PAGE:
6.1. Study site, sample, assessment

The Monongahela-Youghiogheny Healthy Aging Team (MYHAT) Project is a population-based study of the epidemiology of MCI, conducted in a group of small-town communities near Pittsburgh, in southwestern Pennsylvania. All study procedures including the web-based process are approved annually by the University of Pittsburgh Institutional Review Board. Sampling, recruitment, and assessment of the study cohort have been described previously [87,88].

6.1.1. Selection of variables for online consensus website

The assessment protocol was reviewed to select variables that were judged to contribute to the desired ratings and diagnostic impressions. These data points were categorized into 4 groups: (1) demographic and background characteristics: age, gender, education, primary occupation, reading level and estimated IQ, hearing, and vision; (2) variables relevant to Clinical Dementia Rating [73]: subjective complaints, ADLs, IADLs, depressive symptoms, medication management, social engagement, judgment; (3) variables relevant to cognitive classification: participant's scores on all tests in the neuropsychological battery; (4) variables relevant to etiological diagnosis: health history, medications, physical and neurological examination, neuroimaging reports if any.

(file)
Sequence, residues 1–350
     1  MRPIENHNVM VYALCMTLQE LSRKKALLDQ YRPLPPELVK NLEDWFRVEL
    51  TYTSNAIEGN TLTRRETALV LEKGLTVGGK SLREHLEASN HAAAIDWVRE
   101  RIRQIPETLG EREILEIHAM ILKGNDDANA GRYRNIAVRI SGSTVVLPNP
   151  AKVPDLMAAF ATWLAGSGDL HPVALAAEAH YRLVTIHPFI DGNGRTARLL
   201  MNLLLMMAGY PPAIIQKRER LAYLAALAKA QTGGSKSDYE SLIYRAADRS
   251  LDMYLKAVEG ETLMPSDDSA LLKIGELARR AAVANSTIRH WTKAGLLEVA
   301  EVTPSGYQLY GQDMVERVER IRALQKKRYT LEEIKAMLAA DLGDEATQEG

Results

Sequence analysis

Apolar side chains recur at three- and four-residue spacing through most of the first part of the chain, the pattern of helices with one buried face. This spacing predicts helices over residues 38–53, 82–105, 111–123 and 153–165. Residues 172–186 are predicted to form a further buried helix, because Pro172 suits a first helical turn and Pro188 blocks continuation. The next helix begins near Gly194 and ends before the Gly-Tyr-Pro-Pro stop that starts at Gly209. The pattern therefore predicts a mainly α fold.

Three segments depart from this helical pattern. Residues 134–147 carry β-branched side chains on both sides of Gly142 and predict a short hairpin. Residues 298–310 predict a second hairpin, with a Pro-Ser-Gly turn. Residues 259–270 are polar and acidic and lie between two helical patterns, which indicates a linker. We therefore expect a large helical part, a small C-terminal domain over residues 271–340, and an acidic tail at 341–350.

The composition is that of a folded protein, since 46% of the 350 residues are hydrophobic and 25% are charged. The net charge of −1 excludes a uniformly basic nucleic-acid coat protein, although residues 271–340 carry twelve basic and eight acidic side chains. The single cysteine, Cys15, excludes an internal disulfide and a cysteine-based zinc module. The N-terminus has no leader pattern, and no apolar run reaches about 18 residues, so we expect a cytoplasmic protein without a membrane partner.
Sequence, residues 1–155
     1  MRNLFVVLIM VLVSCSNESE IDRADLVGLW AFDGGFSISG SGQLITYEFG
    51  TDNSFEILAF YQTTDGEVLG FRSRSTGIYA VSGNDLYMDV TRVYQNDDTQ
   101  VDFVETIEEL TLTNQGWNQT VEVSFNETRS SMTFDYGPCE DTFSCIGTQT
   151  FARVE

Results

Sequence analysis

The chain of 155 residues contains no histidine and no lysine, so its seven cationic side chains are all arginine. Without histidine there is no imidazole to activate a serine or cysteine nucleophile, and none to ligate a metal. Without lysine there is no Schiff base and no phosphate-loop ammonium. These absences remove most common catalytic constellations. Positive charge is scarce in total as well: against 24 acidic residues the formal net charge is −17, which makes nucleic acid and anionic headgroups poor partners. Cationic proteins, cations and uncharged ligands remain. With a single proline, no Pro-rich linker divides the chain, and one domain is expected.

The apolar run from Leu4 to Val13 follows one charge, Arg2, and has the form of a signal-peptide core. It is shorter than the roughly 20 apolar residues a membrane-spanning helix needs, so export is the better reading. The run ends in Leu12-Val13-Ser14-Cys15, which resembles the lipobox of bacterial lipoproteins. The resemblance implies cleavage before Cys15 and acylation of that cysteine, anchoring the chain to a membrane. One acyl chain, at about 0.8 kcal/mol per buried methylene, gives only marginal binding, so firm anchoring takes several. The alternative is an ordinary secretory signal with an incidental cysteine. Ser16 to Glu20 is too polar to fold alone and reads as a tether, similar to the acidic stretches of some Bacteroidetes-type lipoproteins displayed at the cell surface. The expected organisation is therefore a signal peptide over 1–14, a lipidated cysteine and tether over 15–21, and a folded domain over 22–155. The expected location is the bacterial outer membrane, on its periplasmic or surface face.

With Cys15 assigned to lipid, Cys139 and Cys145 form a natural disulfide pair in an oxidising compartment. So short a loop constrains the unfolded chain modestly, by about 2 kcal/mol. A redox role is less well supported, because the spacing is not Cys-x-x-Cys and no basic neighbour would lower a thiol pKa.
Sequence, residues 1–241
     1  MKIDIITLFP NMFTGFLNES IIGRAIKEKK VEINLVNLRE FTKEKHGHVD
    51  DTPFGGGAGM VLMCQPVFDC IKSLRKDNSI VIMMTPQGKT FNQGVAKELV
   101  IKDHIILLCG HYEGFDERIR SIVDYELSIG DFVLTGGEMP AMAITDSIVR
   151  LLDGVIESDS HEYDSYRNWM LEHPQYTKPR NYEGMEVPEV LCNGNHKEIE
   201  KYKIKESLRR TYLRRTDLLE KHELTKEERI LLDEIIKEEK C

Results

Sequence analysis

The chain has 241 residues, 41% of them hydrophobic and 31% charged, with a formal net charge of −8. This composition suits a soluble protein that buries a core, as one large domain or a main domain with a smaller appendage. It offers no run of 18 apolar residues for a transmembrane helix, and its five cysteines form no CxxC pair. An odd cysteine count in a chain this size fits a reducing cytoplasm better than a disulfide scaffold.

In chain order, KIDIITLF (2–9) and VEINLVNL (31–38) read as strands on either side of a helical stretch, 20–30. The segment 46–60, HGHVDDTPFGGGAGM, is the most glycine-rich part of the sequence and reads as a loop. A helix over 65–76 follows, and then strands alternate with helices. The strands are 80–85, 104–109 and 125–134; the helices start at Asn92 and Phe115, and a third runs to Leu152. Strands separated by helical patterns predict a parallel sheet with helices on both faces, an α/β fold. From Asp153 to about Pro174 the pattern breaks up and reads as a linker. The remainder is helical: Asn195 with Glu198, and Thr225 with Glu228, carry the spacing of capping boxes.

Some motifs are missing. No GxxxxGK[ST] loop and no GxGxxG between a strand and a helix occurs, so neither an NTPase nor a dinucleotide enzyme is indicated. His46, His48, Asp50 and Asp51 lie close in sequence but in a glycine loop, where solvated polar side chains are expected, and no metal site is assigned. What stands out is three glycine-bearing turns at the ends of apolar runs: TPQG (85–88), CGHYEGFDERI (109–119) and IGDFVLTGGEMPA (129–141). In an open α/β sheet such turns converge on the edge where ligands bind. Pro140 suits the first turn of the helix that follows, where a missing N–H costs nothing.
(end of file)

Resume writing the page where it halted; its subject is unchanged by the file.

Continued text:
6.1.2. Structure and sequence of web pages

Designated raters log into a secure website and select, from a drop-down menu, one subject at a time for rating. The subject is identified by Study ID and the annual cycle during which the posted data were collected. Clicking on the Study ID leads the rater to a series of pages containing data from that participant. A schematic diagram of the sequence is shown in Fig. 3.

Fig. 3
Schematic diagram of online diagnostic consensus process used in the Monongahela-Youghiogheny Healthy Aging Team Project.